Leaving New York City
I recently took a job that will take me West for eight out of the next nine months. With my applications to graduate school going out this fall, it's possible that my days as a New Yorker are waning.
I have mixed feeling about it.
I grew up here. My parents are in the area. My closest friends are here. My church is here. There are wonderful things to do, including museums, sports, entertainment, etc.
There are a lot of reasons to love New York.
Yet I'm not so sure the city is moving in the right direction.
Those of you who read this blog know that I think Rudy Giuliani was the greatest mayor New York City ever had. He saved this city from crime, grime, and hopelessness.
He did it by fighting crime, making sure the trash was picked up on time, graffiti was off the walls, the homeless were off the streets, and proved that working people and businesses were welcome in New York City.
It took a lot of work. The mindsets of New Yorkers needed to change. Government began to care about "quality of life" issues, and the city was reborn.
They week after Rudy left office, I saw an obvious increase in homeless people walking around in Manhattan. I now see the same four or five homeless people walking around in my neighborhood in Astoria on a regular basis. No one in the city government seems to care that they are there, no one seems concerned that they are panhandling at the subway stations, and it does not appear that the city is doing anything to get them housing (unless they consider the Steinway Street subway stop low income housing).
Graffiti is on the rise. In Rudy's day, graffiti would be painted over and cleaned up within days. Now, when something goes up, it pretty much stays there. Slowly but surely, the walls in our community belong more to vandals than to property owners.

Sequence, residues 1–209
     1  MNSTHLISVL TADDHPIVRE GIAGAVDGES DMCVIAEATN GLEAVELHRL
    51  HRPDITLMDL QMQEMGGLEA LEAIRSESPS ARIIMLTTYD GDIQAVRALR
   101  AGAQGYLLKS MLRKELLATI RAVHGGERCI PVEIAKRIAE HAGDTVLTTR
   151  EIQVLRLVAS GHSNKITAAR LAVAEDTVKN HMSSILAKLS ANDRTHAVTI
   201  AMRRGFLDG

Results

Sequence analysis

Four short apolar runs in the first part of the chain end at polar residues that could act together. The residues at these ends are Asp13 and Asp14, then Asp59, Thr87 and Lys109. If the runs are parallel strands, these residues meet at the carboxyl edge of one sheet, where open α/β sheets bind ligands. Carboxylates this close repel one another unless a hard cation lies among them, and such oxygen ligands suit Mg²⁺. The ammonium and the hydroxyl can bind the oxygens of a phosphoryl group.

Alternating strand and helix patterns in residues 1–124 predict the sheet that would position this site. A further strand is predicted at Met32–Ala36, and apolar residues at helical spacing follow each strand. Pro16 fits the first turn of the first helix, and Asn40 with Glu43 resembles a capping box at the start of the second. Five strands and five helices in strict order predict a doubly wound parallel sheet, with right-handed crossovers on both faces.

The subway service is getting more and more unreliable. I don't care what the statistics say, trains are being re-routed more than they have in years. Some stations, like the ones on Roosevelt Avenue and Woodhaven Boulevard, are seemingly cleaned only sporadically. The "G" line supposedly goes to Steinway Street, although I haven't seen it in over a year. The subways are just getting worse and worse.
Then there's the "if you see something, say something" campaign on the NYC subways. How exactly? I hardly ever see police officers on subway cars, the doors are locked now so I can't walk to other subway cars (where the train conductors are), and my mobile phone does not work underground. If I see some guy putting together a bomb on the subway, how exactly am I supposed to tell someone in authority before it goes off? Am I supposed to yell louder?
Then there is the issue of jobs. They are leaving NYC. The financial companies that are the bedrock of our economy have been going through post-September 11th diversifying. Rather than keep all of their employees in one building, they spread them out into various areas, including New Jersey and Connecticut. It's the smart thing to do for them, but bad for New York City.
I don't see a light in the tunnel for these issues. Nominal Republican Mike Bloomberg seemingly would be the candidate to change these problems if he were not already mayor and leading the charge for them. I don't see Freddy Ferrer or C. Virginia Fields caring about "quality of life" issues in places like Astoria, nor do I see Anthony Weiner or Gifford Miller ever getting elected.
It's a classic case of a "rock and a hard place" for New York City voters. They want things to be better, but there doesn't seem to be anyone out there who is saying they will do it.
I hope New York keeps things up.
When I come back, I'd like to be in a safe, clean, prosperous city.